With a new year approaching, everyone starts talking about resolutions, plans and dreams. Even in the church, we talk about vision and goals that lead to growth and change. For me, it is seeing people get from A to B in their relationship with God; to becoming more like Christ. It is having a deeper faith in God where we can trust Him regardless of whatever challenges and circumstances we may face. That process, sometimes called transformation or sanctification, takes a lifetime and can be a little messy. In spite of that, it is something we should all be striving towards… becoming more like Jesus.
Have you ever met someone who has a huge faith? I have and to be honest, when I meet someone like that, I find I am a little envious. Part of me wants to test their faith to see if it is real. Maybe it is because envy but maybe it is because I doubt that anyone could have that kind of faith and trust in God? But in a sense, that is what God wants for each us; a faith that allows us to trust Him regardless of circumstances. We see it throughout the Old and New Testament. God wants followers to follow Him… period.
In the beginning the breakup between God and humanity wasn’t so much about disobedience, rather it really came down to trust. God said one thing and Adam and Eve didn’t trust Him.
God set up a few rules and man questioned God’s trustworthiness. Every time God set something up, man questioned it and eventually went the other way.
God wants us to have confidence, a faith, a trust in Him. If we had it, think about how much of an impact we could make in our communities, our campuses and our workplaces?
We know that one of the keys of any relationship is trust. When you look at the relationship between God and the nation of Israel, the biggest problem was trust. In fact, I would say one of Israel’s primary responsibilities was to show the world what a relationship with God looked like and they blew it because of their inability to trust Him.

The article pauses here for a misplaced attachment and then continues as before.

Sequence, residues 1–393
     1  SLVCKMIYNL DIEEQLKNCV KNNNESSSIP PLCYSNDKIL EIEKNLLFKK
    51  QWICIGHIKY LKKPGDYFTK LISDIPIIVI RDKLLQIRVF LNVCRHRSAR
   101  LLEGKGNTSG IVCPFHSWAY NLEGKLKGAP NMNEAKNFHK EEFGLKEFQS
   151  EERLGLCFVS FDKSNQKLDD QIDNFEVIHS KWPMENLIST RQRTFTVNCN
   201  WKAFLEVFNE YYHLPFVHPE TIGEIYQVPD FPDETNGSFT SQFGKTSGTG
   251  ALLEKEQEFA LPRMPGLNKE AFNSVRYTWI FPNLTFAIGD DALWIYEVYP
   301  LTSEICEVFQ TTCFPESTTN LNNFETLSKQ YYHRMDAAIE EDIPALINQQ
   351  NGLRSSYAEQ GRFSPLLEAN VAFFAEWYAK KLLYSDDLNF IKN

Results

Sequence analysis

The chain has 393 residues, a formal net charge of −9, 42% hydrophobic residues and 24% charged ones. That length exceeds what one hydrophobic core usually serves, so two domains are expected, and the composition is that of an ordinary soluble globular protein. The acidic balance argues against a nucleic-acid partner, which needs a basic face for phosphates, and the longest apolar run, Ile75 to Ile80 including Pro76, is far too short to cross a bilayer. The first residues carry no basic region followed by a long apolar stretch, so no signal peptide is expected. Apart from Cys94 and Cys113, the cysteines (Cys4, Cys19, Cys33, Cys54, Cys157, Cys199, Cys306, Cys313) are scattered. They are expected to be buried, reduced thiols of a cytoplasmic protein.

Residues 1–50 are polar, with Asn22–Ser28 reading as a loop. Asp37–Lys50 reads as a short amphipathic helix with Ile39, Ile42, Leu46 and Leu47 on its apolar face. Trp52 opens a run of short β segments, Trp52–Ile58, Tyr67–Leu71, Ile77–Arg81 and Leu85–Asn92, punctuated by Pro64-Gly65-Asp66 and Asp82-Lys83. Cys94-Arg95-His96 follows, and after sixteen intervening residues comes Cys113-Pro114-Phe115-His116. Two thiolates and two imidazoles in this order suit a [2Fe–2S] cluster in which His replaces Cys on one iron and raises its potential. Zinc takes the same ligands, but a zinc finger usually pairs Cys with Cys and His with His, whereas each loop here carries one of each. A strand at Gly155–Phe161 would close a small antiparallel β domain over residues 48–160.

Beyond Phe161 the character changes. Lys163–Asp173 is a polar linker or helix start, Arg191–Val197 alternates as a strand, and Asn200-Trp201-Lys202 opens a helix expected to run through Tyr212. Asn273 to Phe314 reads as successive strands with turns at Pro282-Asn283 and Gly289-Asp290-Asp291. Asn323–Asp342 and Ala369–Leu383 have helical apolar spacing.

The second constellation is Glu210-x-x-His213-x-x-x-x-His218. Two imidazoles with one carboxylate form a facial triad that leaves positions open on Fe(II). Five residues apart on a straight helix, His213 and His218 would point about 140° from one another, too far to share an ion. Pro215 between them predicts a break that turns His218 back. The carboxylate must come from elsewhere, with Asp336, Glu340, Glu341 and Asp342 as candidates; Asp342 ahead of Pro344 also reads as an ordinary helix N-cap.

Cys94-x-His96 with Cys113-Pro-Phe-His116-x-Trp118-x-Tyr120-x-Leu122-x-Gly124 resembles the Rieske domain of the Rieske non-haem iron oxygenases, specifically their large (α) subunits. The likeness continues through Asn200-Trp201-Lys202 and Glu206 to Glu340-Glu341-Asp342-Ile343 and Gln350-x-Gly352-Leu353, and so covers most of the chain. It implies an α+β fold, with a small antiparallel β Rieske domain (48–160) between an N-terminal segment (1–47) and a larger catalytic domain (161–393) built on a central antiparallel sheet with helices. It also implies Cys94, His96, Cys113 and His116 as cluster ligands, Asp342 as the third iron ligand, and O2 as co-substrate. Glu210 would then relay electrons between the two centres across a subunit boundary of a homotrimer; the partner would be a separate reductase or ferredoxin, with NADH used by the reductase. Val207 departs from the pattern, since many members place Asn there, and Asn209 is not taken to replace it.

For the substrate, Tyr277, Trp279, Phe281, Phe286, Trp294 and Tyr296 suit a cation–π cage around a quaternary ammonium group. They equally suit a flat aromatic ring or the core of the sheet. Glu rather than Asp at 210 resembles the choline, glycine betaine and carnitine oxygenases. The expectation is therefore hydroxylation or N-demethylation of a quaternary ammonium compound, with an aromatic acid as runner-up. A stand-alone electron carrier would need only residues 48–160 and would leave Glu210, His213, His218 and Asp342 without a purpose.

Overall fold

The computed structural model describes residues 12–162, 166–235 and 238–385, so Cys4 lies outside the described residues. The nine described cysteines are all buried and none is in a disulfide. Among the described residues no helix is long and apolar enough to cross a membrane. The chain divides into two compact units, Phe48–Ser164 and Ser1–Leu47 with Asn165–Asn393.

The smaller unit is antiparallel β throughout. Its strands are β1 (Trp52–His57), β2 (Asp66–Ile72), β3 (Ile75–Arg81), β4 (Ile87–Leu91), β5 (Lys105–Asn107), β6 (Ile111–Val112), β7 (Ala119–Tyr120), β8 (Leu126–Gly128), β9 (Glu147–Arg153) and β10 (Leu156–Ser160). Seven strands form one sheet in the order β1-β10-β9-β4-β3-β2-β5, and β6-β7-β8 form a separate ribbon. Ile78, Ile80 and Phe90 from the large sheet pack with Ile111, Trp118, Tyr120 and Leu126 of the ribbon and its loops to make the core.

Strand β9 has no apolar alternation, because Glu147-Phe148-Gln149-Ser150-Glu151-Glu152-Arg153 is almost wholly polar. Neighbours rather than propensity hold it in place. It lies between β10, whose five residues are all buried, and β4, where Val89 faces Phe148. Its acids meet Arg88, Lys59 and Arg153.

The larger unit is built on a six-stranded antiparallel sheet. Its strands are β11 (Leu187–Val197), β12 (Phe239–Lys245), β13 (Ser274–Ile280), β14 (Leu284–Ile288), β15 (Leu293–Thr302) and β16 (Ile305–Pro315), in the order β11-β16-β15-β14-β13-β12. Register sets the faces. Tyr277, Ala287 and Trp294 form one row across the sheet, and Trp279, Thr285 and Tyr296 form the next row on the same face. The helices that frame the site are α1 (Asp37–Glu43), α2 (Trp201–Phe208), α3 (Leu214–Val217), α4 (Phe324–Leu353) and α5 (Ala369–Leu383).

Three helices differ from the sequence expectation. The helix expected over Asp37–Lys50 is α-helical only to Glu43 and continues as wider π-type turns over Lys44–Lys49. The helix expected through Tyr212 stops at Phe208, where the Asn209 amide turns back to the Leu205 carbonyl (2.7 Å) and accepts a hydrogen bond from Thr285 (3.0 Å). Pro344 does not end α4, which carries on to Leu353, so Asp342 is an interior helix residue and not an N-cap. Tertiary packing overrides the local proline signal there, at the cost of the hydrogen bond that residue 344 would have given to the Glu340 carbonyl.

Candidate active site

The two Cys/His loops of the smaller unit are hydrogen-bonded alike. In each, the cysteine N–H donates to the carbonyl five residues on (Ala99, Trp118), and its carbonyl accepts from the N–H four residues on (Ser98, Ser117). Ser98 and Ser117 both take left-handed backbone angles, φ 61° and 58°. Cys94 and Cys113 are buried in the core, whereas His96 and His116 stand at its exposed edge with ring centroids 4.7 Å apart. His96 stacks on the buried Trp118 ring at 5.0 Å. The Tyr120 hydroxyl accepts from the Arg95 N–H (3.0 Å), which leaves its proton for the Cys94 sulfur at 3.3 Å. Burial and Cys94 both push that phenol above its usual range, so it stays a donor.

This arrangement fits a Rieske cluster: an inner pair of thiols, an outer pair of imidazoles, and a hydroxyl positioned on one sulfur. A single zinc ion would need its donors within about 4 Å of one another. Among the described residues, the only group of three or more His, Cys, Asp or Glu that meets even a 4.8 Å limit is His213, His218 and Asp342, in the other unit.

Now when we think of the relationship between God and Israel, we tend to focus on the Law. We tend to think it was about rules but if we look back on how everything played out, it started with God doing things to gain their trust and build the relationship with them. In fact, the Law wasn’t given until after they began losing their faith in Him.
Think about how it all went down: God delivered them from Egypt and God said, “Trust Me” and they did for a while but then failed and began worshiping an idol. He gave them the Law and said, “Trust Me” and they failed. He sent prophets and other messengers and failed to trust Him. Do we see a pattern here?
Now when we fast forward to the New Testament when Jesus shows up, He doesn’t come bearing 10 more commandments for us to follow. There isn’t a “to do” list that we need to pass in order that God will love you. Instead, Jesus comes with a message of hope that says, “Trust Me”. “I’ll take care of the problem, just put your faith in Me.”
Trust is foundational for every relationship. Whether it is between a cab driver and the passenger, a patient and their doctor, a parent and child and within the marriage relationship, trust matters. Great relationships are characterized by trust. God’s primary desire is He wants us back into a relationship with Him and not to get us to do stuff. The New Testament is God wooing us to Himself. Like those of us when we were or are dating, He is trying to teach us to trust Him.